It’s those kinds of limitations that have made No. 3 such a precarious spot to be in. Honduras stole it, in a way, from a neighbor just down the coast in Costa Rica. Los Ticos didn’t just have a stranglehold on third-best in the region for nearly 15 years, they were second-best for decades before the US redeveloped themselves in the 1990s into a country that took soccer seriously.

Costa Rica’s peak came in back-to-back World Cup appearances in 2002 and ’06 as the golden generation of Paulo Wanchope, Walter Centeno and Rónald Gómez used their own European experience to lift the Ticos to the height of their powers.

“That’s definitely gone now,” Chicago Fire defender and Costa Rican national-teamer Gonzalo Segares lamented to “Players have a lot of pressure on them now because of the media and fans. They all expect us to be in the World Cup all the time. People in Costa Rica need to understand it’s not that easy.”

The economy has hit Costa Rica hard, as really only two clubs — Saprissa and Alajuelense — are in good financial standing, Segares says. That makes it tougher to develop and sell homegrown talent — especially when clubs are asking inflated prices that scare off buyers. And a rash of turf fields all over the country are causing premature knee and ankle problems for kids who are far too young to have to deal with that kind of rehabilitation.

Still, Segares remains hopeful of some young talent coming down the pipeline, especially as the Costa Rican Under-20s get set to kick off at the U-20 World Cup in late July. Nineteen-year-old striker Joel Campbell, who scored on Cuba during the Gold Cup, is a bright young hope for Costa Rica.

But it wouldn’t be surprising to see another new face supplant Honduras eventually. Jamaica are enjoying a renaissance under Theodore Whitmore that could see them reach the heights of the magical 1998 World Cup squad, of which he was a member. The Reggae Boyz dazzled in the group stage of the Gold Cup before a quarterfinal collision with their own personal kryptonite: the US, against whom they’re winless in 18 games and who have a knack for exposing their weaknesses.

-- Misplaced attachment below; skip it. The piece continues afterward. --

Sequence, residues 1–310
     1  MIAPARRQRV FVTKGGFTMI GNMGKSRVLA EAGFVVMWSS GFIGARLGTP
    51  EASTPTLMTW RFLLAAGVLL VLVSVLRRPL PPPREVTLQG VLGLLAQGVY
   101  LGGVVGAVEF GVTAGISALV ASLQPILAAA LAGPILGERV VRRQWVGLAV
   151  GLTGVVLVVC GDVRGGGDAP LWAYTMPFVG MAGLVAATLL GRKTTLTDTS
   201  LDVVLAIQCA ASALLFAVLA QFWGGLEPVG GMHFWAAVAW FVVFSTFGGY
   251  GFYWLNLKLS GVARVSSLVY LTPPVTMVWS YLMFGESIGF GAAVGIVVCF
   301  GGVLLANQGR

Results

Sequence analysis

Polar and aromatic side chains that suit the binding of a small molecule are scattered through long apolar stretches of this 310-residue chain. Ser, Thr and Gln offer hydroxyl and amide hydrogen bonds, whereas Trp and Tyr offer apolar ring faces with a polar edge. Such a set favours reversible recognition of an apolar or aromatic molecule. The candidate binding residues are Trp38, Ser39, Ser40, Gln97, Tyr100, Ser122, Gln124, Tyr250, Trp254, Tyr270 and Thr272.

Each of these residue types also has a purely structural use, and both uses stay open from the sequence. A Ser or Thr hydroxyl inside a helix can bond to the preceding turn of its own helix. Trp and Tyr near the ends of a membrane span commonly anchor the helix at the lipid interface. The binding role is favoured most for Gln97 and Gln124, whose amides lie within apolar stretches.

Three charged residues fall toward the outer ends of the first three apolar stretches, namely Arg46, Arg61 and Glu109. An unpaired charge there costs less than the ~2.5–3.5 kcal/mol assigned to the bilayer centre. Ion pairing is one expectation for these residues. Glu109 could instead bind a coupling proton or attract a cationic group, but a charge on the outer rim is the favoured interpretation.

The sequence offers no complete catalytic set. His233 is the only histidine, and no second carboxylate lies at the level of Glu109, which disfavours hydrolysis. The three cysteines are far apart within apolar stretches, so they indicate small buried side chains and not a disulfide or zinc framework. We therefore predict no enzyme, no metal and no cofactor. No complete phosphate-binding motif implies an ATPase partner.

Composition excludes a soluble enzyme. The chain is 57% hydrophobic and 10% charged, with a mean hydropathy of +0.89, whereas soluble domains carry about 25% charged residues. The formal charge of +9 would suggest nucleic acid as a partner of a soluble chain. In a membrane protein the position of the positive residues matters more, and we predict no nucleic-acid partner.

“We have talent, and we look good on paper,” said Real Salt Lake’s Andy Williams, who was also a member of that France ’98 squad. “Now we need to get everybody on the same page, believing in one another. Apart from our ‘98 team, I don’t think our players have ever been 100 percent supportive of the program and each other. Theodore’s the right guy to change that.”

Panama haven’t shown too poorly for themselves in recent tournaments either, and you never know when it could all come together for talented nuclei in El Salvador and Guatemala. And numbers-wise — both in terms of money and population — there's no reason why Canada eventually won't get it together. For now, No. 3 isn’t a bad place to be.

“When you’re one of the smallest countries on the continent, being in third is pretty good,” said Honduras’ Espinoza. “We’ve been able to keep up with Mexico and the US — think about how impressive that is. But our goal is to be No. 1.”

Jonah Freedman is the managing editor of “The Throw-In” appears every Thursday.